How Bitcoin is helping Afghans against the Taliban
How Bitcoin is helping Afghans against the Taliban

How Bitcoin is helping Afghans against the Taliban

By Marco Cavicchioli - 27 Aug 2021

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Afghans appear to have started using Bitcoin to overcome some of the limitations imposed by the Taliban regime. 

Liquidity at risk in Afghanistan

After the Taliban seized power, there is growing speculation that a real liquidity crisis may be triggered in Afghanistan. 

The main problem derives from the fact that about 9 billion dollars of monetary reserves of the central bank are held abroad and have already been frozen due to the plan of Western forces to block resources that the Taliban could draw on to govern the country. If we compare, Afghanistan’s entire GDP is just about $20 billion. 

International financial aid, which accounts for as much as 43% of the country’s GDP, has also been blocked, exacerbating the problem. 

That could cause a liquidity crisis first of all to the new government itself, which could decide in some way to make up for the problem by eroding citizens’ savings. 

Afghans are afraid of losing their money, and in fact, they have already started running to the banks to withdraw as much cash as possible. 

The real risk is that banks do not have enough cash to support all withdrawals or even that the new regime itself imposes limitations on withdrawals or the movement of capital, especially abroad. 

Afghans resort to Bitcoin

In such a scenario, it is not surprising that Chainalysis’ recent 2021 Global Crypto Adoption Index found a real surge in Bitcoin exchanges in the country. 

Suffice it to say that Afghanistan suddenly jumped to 20th place, out of 154 countries analyzed, in terms of the cryptocurrency adoption index compiled by Chainalysis. Last year, it didn’t even make the list. 

The platforms used in Afghanistan to exchange Bitcoin

In particular, the volume of exchange on peer-to-peer platforms has skyrocketed, jumping as high as seventh place, ahead of countries like Nigeria and Colombia. 

These platforms allow individual buyers or sellers to trade directly with other individual sellers or buyers.

These are platforms that do nothing more than putting the seller in contact with the buyer, and vice versa, while the exchange then takes place later directly between them.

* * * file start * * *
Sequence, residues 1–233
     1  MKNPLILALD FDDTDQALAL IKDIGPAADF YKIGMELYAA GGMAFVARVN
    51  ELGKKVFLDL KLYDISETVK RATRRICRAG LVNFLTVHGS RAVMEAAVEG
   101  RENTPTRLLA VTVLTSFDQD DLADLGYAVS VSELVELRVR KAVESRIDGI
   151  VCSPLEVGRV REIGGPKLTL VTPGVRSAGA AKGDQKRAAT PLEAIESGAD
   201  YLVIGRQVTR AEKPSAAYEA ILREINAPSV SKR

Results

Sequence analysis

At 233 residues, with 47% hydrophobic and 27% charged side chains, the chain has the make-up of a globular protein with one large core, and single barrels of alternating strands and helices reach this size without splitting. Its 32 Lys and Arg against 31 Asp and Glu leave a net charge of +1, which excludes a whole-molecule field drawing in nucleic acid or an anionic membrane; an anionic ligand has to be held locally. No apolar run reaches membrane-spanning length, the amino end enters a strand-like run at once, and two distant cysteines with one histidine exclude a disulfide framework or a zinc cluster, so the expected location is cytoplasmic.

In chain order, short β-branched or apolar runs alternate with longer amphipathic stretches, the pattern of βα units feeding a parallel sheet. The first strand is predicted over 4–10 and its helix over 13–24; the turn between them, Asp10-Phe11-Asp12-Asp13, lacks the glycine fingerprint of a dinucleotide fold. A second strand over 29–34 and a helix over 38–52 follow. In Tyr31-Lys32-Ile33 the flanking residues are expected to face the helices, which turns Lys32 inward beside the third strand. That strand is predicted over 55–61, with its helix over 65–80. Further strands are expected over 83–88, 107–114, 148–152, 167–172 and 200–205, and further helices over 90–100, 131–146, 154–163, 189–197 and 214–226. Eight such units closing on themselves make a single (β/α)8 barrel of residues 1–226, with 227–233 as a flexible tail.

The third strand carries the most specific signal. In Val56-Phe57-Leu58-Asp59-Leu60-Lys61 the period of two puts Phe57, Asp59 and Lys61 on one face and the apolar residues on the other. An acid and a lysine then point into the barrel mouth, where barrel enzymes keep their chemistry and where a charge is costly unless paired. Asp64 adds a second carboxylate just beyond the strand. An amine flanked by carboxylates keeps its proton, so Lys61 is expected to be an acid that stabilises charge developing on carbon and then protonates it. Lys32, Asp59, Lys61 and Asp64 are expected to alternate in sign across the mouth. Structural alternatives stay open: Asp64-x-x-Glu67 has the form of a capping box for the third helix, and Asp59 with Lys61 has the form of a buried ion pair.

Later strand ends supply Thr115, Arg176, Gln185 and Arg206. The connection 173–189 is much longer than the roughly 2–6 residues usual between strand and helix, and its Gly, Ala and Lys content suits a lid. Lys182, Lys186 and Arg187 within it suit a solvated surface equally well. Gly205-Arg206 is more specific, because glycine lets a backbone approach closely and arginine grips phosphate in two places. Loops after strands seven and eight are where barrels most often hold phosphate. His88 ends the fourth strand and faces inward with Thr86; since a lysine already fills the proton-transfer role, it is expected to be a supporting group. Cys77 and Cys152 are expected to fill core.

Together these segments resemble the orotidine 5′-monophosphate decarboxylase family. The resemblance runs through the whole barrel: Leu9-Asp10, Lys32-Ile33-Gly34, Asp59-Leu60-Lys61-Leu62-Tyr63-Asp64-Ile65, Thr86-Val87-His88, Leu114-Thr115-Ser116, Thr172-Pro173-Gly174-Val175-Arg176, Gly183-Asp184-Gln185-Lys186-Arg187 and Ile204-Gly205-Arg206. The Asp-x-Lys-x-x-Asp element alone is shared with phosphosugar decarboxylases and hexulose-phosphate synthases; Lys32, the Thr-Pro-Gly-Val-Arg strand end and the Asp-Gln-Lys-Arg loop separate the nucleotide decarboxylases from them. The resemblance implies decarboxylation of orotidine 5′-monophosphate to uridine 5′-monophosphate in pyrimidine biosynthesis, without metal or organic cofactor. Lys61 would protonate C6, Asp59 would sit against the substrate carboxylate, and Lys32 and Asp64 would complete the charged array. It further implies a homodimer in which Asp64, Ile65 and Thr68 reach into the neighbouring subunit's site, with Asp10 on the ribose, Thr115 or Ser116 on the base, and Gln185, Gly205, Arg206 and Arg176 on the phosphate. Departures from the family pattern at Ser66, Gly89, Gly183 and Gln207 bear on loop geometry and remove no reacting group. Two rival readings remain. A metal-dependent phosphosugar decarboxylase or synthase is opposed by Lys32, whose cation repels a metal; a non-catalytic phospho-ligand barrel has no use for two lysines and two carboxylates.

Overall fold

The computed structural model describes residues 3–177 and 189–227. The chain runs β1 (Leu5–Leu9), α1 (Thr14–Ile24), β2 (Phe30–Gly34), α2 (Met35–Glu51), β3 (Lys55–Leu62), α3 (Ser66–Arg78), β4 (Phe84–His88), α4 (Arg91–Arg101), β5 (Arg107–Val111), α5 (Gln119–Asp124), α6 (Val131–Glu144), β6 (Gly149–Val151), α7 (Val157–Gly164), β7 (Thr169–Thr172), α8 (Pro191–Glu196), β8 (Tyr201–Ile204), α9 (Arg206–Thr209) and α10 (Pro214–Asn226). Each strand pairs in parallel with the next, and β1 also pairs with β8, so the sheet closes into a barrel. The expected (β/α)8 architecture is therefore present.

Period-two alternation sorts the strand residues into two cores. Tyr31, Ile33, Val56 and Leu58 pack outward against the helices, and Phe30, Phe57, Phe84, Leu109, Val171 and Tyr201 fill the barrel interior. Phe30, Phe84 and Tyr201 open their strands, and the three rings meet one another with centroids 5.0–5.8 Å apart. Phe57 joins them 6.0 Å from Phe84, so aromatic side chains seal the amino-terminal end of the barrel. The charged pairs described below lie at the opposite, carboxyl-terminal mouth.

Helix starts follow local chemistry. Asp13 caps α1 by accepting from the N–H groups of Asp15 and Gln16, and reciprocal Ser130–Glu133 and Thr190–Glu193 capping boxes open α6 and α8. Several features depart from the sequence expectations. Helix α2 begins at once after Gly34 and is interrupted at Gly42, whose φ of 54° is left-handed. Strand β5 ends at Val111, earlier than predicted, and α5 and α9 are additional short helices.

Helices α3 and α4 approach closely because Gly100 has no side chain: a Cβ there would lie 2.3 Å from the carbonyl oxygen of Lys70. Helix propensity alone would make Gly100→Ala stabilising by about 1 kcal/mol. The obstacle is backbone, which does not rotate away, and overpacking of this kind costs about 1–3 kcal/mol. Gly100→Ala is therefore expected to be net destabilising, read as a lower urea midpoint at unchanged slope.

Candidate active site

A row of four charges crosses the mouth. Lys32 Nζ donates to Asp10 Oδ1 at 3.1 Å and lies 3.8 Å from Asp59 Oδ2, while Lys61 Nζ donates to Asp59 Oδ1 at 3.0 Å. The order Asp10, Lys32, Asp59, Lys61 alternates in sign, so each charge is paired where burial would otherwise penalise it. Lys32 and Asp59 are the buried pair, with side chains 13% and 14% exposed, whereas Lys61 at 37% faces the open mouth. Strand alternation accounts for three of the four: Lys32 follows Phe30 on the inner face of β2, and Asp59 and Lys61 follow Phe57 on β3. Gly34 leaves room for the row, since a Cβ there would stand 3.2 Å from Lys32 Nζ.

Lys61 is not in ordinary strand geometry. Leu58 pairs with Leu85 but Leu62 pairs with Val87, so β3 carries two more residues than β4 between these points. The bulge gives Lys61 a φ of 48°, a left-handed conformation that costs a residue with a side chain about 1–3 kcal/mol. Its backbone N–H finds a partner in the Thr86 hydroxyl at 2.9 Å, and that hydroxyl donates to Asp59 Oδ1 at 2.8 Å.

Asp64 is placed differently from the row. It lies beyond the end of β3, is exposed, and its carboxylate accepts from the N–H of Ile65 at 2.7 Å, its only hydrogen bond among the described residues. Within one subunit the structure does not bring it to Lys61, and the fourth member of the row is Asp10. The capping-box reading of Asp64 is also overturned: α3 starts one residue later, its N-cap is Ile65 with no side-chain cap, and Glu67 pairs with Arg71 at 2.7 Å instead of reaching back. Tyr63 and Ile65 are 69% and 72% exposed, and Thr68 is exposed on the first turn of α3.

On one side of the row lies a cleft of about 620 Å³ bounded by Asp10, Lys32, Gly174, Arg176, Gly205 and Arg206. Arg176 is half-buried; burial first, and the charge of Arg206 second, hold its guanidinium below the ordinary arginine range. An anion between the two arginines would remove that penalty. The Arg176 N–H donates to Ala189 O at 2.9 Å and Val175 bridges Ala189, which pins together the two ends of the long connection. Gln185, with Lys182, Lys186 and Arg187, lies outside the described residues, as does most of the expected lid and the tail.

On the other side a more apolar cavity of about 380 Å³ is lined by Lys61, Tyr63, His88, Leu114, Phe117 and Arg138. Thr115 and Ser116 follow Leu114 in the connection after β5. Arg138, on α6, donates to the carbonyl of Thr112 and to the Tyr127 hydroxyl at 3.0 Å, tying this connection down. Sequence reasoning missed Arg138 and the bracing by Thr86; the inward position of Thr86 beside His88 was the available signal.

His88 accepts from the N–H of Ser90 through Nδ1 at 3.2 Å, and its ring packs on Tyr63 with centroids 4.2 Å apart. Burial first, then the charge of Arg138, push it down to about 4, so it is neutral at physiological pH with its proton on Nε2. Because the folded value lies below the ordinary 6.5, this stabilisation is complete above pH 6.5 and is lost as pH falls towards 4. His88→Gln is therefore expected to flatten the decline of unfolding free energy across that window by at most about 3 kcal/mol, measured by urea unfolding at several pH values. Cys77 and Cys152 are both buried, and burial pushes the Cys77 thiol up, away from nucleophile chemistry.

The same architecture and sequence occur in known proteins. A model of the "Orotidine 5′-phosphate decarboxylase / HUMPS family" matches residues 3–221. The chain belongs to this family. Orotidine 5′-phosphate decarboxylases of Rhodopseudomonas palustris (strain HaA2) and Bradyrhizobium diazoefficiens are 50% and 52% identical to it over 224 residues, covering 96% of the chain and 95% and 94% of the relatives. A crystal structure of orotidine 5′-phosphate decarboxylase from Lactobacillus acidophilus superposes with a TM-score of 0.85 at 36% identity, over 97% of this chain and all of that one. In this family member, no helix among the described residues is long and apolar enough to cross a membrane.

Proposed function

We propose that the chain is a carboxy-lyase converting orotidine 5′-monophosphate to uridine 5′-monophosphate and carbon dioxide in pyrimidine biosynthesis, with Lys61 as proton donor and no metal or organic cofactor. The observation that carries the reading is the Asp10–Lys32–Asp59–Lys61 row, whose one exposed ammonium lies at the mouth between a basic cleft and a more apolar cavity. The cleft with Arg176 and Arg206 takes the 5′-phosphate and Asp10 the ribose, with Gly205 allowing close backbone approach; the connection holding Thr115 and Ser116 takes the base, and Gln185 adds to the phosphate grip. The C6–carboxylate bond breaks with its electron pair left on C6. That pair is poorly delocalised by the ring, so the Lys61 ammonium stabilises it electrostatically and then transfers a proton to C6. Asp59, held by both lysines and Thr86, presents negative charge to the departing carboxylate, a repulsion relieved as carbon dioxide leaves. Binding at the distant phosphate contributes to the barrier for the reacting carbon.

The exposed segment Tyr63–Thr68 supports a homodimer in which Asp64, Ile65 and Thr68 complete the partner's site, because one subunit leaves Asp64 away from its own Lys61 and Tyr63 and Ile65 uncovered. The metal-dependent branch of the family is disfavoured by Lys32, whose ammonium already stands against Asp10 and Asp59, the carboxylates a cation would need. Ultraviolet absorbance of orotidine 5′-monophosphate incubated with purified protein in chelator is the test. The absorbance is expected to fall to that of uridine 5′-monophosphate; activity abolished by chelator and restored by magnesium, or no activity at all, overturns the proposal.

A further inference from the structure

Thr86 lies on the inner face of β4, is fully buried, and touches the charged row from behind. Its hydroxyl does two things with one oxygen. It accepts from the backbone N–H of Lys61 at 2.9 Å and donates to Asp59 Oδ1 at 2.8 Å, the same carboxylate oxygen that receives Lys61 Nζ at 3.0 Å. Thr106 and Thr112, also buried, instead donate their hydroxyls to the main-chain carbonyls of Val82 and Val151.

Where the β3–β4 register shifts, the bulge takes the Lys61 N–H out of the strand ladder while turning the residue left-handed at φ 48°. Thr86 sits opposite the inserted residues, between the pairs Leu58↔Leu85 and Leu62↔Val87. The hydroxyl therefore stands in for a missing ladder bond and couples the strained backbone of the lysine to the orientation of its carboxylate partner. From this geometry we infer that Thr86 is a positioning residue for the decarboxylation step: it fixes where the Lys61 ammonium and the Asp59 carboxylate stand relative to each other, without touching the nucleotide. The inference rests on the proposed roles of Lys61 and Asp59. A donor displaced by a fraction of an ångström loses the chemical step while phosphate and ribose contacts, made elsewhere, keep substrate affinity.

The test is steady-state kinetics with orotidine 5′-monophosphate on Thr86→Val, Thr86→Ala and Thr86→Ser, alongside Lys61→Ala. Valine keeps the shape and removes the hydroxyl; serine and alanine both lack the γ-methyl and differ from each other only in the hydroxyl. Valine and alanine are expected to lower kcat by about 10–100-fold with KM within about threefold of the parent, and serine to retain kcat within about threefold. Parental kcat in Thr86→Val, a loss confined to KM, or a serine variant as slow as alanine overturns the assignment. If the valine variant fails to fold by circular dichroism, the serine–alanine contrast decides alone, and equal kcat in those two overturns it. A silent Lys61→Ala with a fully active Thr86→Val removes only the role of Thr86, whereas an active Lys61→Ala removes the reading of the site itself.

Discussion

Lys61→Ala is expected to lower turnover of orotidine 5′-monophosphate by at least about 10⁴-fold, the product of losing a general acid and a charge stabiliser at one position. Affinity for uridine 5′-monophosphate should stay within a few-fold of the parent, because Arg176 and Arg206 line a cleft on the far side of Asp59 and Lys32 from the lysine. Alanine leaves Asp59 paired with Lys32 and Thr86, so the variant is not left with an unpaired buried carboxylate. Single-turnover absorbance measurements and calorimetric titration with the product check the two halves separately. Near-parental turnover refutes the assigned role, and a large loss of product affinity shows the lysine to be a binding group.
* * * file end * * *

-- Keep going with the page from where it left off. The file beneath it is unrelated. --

That is why it is speculated that the jump in Bitcoin and cryptocurrency usage in Afghanistan is mainly due to the citizens, not the Taliban regime. 

Not only are small amounts usually exchanged on these platforms, but the sellers are likely other Afghans who own Bitcoins and agree to sell them in exchange for local currency. 

For example, last week, CNBC told the story of an Afghan citizen currently living in the Netherlands who has been trading cryptocurrencies since last year or another who lives in a remote part of the country with no banks and believes that cryptocurrencies are the future. 

Google Trends on Bitcoin

Google Trends also shows a spike in searches for bitcoin in Afghanistan between late June and early July, which is when the prospect of the Taliban regaining power was beginning to emerge. 

Finally, it should be mentioned that the local currency, the Afghanis (AFN), suddenly devalued by 6.7% in a single day in mid-August, after another 4.7% loss in value since the beginning of the year. 

Why Bitcoin helps against the Taliban

In all of this, Bitcoin can help for two reasons

First of all, in the long run, it tends not only not to lose value, unlike inflationary currencies such as Afghani, but generally to acquire it. 

It is still a high-risk investment, but so far over the long term, its dollar value has performed far better than any other fiat currency in the world. 

But probably the main reason is another one. In fact, no one can impose any kind of limitation on bitcoin transactions, neither temporal, nor quantitative, nor geographical. 

Therefore Afghans who want to escape the limitations that the new regime could impose on the free movement of capital, or who want to prevent the Taliban from seizing their savings, find in Bitcoin an excellent ally, which protects their money from government impositions. It also allows them to send and receive money from abroad easily. 

Since many Afghans are trying to flee the country, bitcoin could also help them send remittances to relatives back home. 

It should also be added that nowadays, BTC transactions using Lightning Network are immediate and have negligible costs, so they are perfect even for those who need to send small amounts. 

Currently, there are several apps available that act as bitcoin LN wallets, so you only need a smartphone to use them. 

Marco Cavicchioli

Born in 1975, Marco has been the first to talk about Bitcoin on YouTube in Italy. He founded and the Facebook group" Bitcoin Italia (open and without scam) ".

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